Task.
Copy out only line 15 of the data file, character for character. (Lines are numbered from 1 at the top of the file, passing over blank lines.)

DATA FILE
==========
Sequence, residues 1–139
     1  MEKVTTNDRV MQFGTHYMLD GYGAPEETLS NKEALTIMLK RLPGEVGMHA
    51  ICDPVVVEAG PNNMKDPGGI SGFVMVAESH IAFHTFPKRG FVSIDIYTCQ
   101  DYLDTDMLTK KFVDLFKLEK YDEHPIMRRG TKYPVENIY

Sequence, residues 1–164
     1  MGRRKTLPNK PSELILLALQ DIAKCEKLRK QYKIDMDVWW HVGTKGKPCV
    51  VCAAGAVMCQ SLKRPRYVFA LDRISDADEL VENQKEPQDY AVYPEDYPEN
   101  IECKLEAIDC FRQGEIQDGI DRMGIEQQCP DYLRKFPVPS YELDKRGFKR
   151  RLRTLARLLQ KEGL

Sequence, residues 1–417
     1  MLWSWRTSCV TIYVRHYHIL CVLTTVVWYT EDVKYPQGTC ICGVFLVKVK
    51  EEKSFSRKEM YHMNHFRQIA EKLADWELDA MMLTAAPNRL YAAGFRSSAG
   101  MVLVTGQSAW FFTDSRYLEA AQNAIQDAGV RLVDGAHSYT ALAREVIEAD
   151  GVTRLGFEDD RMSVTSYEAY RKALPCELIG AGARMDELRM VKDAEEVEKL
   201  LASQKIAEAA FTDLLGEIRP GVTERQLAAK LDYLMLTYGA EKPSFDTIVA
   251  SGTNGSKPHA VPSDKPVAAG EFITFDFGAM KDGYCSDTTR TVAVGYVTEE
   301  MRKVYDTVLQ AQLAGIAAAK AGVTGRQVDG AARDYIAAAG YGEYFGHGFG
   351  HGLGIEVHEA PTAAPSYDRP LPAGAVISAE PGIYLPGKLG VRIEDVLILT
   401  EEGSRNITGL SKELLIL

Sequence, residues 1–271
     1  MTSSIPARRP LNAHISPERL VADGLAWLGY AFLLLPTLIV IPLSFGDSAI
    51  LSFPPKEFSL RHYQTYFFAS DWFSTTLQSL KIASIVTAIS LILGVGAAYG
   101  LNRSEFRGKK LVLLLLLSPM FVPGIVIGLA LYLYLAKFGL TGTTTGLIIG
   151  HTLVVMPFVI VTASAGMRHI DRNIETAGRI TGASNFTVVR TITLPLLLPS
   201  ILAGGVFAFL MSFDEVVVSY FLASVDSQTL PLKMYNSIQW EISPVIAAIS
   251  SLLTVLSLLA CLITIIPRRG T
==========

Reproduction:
   201  LASQKIAEAA FTDLLGEIRP GVTERQLAAK LDYLMLTYGA EKPSFDTIVA